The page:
In Innovation

Having been a member of the North East LEP Innovation Board since October 2014, Professor Alan Lowdon has been appointed as Chair of the Board.

Alan is Chairman of the Durham University Energy Institute Advisory Board, has more than 30 years’ experience in the international energy and utilities markets working for multinationals including Shell, Suez, British Gas, Rolls Royce Industrial Power, Mott MacDonald and SKM as well as heading up three university spin-off companies and leading on technology and innovation for Narec (now the Offshore Renewable Energy Catapult). He currently acts as an advisor on energy to the UK and US governments and various UK universities and is a visiting professor at the University of Durham.

Alan takes over as Chair of the North East LEP Innovation Board from Professor Roy Sandbach.

We asked Alan about his thoughts on innovation in the North East and his plans for the future of the Innovation Board.

How innovative are we in the North East?

We have a great platform to build on, as the North East has historically been very good at innovation. In terms of innovation in manufacturing, energy and transport, the North East set the bar and we have a legacy of innovation which other UK regions simply don’t have.

Now, we need to continue to be flexible and to adapt as a region. We’ve got lots of skills in our colleges and universities and there is some fantastic work going on across the region’s colleges, universities and catapults. We need to give new talent an opportunity to flourish via innovation and to have a platform on which to base innovation and entrepreneurship as without innovation we risk becoming stale and uninteresting – we need to make sure we stand out as a region.

What are the priorities for the Innovation Board?

We have to be focused in what we do and prioritisation is key which is why the LEP has identified four smart specialisation areas: passenger vehicle manufacturing; subsea and offshore technology; life sciences and healthcare; and creative, digital, software and technology based services. The Board will influence at a regional level the overall innovation agenda in these areas, playing to the region’s strengths and simplifying processes.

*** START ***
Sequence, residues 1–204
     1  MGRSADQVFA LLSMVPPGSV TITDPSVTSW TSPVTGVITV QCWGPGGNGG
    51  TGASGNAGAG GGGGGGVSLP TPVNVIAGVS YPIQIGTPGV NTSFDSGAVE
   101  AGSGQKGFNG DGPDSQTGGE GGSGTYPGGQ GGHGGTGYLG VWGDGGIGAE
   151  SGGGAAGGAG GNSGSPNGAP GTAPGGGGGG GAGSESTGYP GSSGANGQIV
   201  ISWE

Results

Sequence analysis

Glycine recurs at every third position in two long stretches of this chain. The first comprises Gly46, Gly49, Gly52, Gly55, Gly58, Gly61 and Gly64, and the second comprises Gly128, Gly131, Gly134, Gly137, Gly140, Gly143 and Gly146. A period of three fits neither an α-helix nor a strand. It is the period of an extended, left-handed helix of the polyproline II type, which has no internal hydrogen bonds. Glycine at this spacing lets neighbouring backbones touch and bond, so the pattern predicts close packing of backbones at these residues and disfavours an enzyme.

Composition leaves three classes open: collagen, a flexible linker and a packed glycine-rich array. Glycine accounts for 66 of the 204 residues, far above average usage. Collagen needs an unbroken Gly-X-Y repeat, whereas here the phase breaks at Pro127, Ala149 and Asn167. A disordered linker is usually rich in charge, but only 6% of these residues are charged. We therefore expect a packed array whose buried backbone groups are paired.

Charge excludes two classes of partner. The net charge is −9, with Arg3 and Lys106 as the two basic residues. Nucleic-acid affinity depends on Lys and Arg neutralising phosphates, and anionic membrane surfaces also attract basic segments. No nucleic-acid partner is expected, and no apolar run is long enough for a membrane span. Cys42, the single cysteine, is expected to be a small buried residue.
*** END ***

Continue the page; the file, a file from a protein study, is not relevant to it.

It’s vital that we look at access to public and private capital to make sure that programmes are funded and that we identify alternative sources of capital to help bring innovative businesses out of the starting blocks.

One exciting development which will come to life over the next few months will be the Innovation Observatory, based at Durham University and developed in partnership with Newcastle, Northumbria and Sunderland Universities. The Observatory is designed to identify good innovation practices, patterns and trends, helping secure more opportunities for North East businesses in the global marketplace.

What are some examples of great innovation in North East business?

We have so many businesses using innovation in different areas of their work. PDL in Hexham is an engineering design consultancy which has drawn on its skills to accelerate into the renewable energy sector. They’ve established a presence in the USA and Asia, in areas which are getting heavily involved in the renewable energy space. PDL has an innovative approach to recruitment and retention of its staff which has paid off.
Newcastle’s Reece Innovation and IHC Concept have both used innovation to strengthen business areas such as design, manufacturing and production, while programmes such as FinanceCamp are applying innovation to the funding sector.

Why is innovation important for the North East and the region’s economic growth?

Innovation is just one part of the spectrum of activity which is carried out at the North East LEP as it works to create more and better jobs for the region. It’s important to show how innovation sits within and strengthens all the other strands of activity, including skills, funding and business growth.

Innovation isn’t just associated with research and development and we need to help people see how they can fit into the innovation landscape. Innovation sits within all kinds of business areas – processes, skills, delivery, manufacturing and funding, for example.

We can give people opportunities through mentoring, facilitation, building regional capacity and confidence in doing things differently.

What are the key ingredients of innovation?

People with the right skills and attributes create an environment where innovation flourishes. Without them, the connectivity, buzz and energy we need to accelerate forwards doesn’t exist. The key ingredients for me are open mindedness and a willingness to take risks. People who are successful innovators also generally have a propensity to be really good networkers. I call them ‘dot-joiners’ – they join other individuals together to form relationships where they can see there’s a mutual benefit in relation to abilities and skills.

In an environment where risk and failure are tolerated, and success is applauded, innovation can flourish.

Find out more about the North East LEP Innovation board here

Share on: